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Melting sea ice forces polar bears to travel farther for food

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Losing ice

Polar bears are traveling farther to find a meal as sea ice in the north shrinks.

The white bears, made popular in animated Coca-Cola commercials, need a lot of food. Males can grow up to 1,500 pounds and stand almost 10 feet tall, while females are about 8 feet tall and can weigh around 550 pounds.

Traveling farther to find food means fewer bears are surviving, according to a recent Washington State University study. In the Beaufort Sea area north of Alaska, populations have dropped by almost one-third.

“Having to travel farther means these bears are expending more energy which can threaten their survival,” said Anthony Pagano, a postdoctoral researcher in WSU’s School of the Environment and lead author of the study. “If we want to preserve the habitat of these amazing mammals, then we need to focus on the root of the problem, which is slowing global climate change.”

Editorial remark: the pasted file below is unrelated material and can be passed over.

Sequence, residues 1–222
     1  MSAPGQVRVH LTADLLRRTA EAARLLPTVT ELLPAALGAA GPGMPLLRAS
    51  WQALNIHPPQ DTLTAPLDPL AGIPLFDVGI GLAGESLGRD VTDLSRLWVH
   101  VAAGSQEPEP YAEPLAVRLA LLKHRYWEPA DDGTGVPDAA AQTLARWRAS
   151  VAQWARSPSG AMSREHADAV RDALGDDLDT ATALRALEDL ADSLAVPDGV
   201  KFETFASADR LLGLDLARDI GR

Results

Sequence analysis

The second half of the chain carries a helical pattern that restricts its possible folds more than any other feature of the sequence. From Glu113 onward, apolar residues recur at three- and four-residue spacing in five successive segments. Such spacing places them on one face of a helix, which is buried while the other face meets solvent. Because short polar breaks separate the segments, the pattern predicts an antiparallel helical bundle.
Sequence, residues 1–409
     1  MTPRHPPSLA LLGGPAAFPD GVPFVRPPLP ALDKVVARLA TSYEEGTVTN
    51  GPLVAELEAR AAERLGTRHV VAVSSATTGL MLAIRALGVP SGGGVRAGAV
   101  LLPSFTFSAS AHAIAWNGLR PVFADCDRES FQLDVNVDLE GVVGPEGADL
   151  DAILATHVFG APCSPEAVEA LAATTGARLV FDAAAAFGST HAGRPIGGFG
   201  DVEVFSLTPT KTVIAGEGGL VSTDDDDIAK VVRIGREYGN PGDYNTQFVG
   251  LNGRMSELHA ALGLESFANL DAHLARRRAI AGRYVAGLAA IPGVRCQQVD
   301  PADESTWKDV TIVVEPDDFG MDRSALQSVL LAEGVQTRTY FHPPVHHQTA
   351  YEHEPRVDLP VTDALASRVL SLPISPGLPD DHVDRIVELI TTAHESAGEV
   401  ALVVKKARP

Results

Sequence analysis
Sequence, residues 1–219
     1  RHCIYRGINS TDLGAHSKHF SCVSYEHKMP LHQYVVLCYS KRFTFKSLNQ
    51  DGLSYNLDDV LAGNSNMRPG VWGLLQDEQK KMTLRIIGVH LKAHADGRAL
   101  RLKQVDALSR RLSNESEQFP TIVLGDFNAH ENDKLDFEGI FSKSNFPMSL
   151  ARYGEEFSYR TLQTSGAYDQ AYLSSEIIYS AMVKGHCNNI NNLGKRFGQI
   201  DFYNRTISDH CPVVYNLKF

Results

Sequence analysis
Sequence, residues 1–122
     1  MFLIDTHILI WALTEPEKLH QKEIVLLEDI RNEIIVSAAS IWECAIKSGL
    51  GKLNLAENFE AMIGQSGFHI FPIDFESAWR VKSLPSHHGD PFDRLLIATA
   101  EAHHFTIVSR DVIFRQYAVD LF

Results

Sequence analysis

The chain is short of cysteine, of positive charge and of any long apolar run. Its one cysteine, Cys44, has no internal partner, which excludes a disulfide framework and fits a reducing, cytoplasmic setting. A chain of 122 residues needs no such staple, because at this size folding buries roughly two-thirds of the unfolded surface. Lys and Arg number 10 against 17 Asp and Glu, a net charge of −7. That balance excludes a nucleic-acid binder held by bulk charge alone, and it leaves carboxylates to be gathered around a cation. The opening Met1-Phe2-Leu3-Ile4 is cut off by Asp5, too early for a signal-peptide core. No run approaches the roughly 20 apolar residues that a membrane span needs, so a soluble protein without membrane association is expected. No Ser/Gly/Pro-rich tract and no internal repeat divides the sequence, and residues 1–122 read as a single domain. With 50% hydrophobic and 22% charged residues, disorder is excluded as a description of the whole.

For the study, Pagano and colleagues from the U.S. Geological Survey used satellites to investigate the movements of female polar bears from 1986-2016. The bears’ favorite food is seals.

During the early summer when seal pups are small and easier to catch, polar bears can double their body weight from eating the fatty meat.

But as the sea ice melts, the bears have to find new places to hunt, requiring them to walk farther north where there are fewer seals to eat. Some bears are looking for different sources of food, moving into areas along the coast of Alaska and Canada in search of berries and dead animals. Whale carcasses left by resident hunters are a big attraction.

“Sometimes you’ll have 50 to 100 polar bears that congregate around these whale carcasses and compete with each other for food,” Pagano said. “As more and more bears move on land, I suspect there’ll be a lot more competition for these food resources, and we’ll probably start seeing further decreases in abundance and survival.”

To help the 800 or so remaining polar bears in the region, humans need to cut their carbon emissions, which are the main cause behind arctic sea ice melting. Things that produce carbon emissions include automobiles and airplanes, as well as burning coal and gas for energy.

— Brett French, french@billingsgazette.com

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